As the UK looks to ramp up its high value engineering, the higher education sector will play a key part in providing the talent needed to fuel growth in the sector
According to industry body EngineeringUK, the engineering sector as a whole contributed more than £1.23 trillion of the UK’s £5.3 trillion GDP in 2016 – 23.2% of the total. In addition, new engineering jobs will generate an additional £27 billion per year for the UK economy from 2022.
However, in order to fill the jobs created in the sector and continue its growth, EngineeringUK estimates that 203,000 people with engineering skills will be needed by 2024 to meet the skills demand. This is the challenge that faces the sector and the UK government as it looks to benefit from the UK’s strong reputation for quality engineering..
" There is huge potential for the UK to consolidate its position as one of the leading nations for high value manufacturing” Kudzai Manduvi, National Account Manager, RS
“The government has identified that there is huge potential for the UK to consolidate its position as one of the leading nations for high value manufacturing as it shifts away from a service-oriented economy to a more balanced one,” says Kudzai Manduvi, National Account Manager at RS. “The problem is that while the various support and investment into research, through the catapult centres for example, is a positive step for the industry, there is still a huge gap in terms of supply and demand of the skilled workers needed to drive the industry forward.”
According to Stephanie Fernandes, Principal Policy Adviser for Education and Innovation at the IET (Institute of Engineering and Technology), there now needs to be a coordinated effort to promote STEM (science, technology, engineering and maths) skills at school and to encourage young people into a career in engineering. “It’s essential that UK companies are at the cutting edge of technology so that we continue to be seen as one of the best places for high value engineering,” she says. “STEM skills are vital when it comes to adapting to the changing nature of engineering in the digital age.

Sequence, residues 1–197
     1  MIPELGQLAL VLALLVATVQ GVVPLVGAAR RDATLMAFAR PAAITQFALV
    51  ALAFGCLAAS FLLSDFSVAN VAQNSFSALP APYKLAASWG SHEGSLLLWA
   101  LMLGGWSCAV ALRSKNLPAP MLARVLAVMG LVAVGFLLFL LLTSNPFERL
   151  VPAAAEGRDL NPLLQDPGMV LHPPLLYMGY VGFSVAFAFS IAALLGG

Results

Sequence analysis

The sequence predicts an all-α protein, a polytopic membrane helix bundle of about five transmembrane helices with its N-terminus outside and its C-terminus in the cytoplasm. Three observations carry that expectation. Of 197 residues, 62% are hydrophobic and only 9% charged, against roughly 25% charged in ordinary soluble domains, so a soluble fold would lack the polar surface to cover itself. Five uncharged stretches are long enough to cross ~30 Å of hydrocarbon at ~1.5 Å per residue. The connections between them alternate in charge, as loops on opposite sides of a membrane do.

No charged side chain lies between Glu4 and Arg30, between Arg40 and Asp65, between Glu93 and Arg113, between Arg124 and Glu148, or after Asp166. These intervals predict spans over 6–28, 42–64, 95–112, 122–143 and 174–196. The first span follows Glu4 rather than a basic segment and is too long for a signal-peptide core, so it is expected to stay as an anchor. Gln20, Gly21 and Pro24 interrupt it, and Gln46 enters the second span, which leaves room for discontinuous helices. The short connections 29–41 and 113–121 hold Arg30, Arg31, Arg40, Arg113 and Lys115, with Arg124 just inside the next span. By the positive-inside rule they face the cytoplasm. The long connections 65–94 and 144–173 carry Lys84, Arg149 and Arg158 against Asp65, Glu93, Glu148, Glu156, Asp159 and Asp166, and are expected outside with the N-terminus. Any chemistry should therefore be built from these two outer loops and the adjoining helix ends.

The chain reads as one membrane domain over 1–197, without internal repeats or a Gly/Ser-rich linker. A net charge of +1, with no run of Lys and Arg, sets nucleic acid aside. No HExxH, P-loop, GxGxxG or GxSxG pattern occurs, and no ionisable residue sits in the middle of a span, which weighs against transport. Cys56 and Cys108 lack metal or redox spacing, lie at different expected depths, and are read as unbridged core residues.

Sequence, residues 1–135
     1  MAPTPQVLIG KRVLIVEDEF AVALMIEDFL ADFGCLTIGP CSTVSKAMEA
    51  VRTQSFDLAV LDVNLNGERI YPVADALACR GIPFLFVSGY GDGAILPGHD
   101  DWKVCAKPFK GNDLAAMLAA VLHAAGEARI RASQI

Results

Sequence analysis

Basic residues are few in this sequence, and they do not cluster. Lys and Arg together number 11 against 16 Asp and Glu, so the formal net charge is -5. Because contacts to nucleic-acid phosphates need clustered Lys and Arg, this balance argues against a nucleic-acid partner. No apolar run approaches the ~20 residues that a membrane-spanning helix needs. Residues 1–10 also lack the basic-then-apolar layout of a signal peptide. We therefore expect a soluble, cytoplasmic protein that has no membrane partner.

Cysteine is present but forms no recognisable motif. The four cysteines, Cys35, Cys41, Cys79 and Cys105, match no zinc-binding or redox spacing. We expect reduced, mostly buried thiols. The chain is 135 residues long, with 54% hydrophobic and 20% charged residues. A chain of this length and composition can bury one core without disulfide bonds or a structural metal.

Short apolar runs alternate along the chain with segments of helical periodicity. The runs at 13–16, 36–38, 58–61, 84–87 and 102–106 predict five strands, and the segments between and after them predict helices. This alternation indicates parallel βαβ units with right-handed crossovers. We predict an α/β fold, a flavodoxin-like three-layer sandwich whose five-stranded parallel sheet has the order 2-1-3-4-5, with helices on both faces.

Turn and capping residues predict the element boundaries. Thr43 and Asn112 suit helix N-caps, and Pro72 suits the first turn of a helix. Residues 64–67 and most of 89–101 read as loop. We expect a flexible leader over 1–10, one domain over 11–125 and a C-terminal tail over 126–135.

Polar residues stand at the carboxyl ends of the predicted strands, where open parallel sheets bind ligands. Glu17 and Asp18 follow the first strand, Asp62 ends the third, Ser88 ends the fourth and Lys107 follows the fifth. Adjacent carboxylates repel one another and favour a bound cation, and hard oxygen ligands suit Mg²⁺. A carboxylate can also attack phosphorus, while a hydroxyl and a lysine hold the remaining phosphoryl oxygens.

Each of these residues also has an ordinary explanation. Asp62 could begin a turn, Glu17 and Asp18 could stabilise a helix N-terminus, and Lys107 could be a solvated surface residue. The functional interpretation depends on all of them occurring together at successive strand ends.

" RS is keen to support the education sector and help those institutions to attract and educate the next generation of young engineers” Kudzai Manduvi, National Account Manager, RS
“If the UK is to remain competitive then we need more young people being equipped with STEM skills so that they can adapt to a rapidly changing landscape and help drive the innovation we need,” she adds. “The only way to solve this skills shortage is going to be to embed science, maths, engineering and technology right the way through the curriculum from primary level through to secondary school and higher education.”
This is an area that Manduvi explains has been a key focus for RS in recent years. “At RS we are keen to support the education sector and help those institutions to attract and educate the next generation of young engineers,” he explains. “For example, I recently visited the head of the robotics department at a major university to talk through what areas of research they are targeting in the next couple of years and the components / robotic products that will be required to support that work. We will aim to stock those parts so that we meet the demand and help those students to innovate.
“We are also taking the RS Titan II truck [a 35-tonne truck loaded with interactive innovative engineering technology] to schools, universities and exhibitions to help promote STEM subjects and engineering as a career by letting young people get their hands on the gadgets.”
Fernandes believes that hands-on experience is essential when it comes to inspiring future engineers. “We want young people to make the connection between the subjects they study in school and the practical application,” she says. “It’s a chance to show them the exciting jobs they could potentially get if they go down the STEM route.”
RS is also heavily involved in supporting the university sector when it comes to teaching practical skills. Through RS’s DesignSpark initiative, engineers have access to 3D design software free of charge, which they can use to create products, and a peer forum/community where they can post their ideas and ask for support and feedback.
In addition, RS has developed RS University to complement DesignSpark in the classroom. “RS University is based around DesignSpark, where we provide free teaching materials that lecturers can use or adapt for their classes,” says Manduvi. “In addition, we run workshops to help both lecturers and engineering students make the most of DesignSpark’s software.”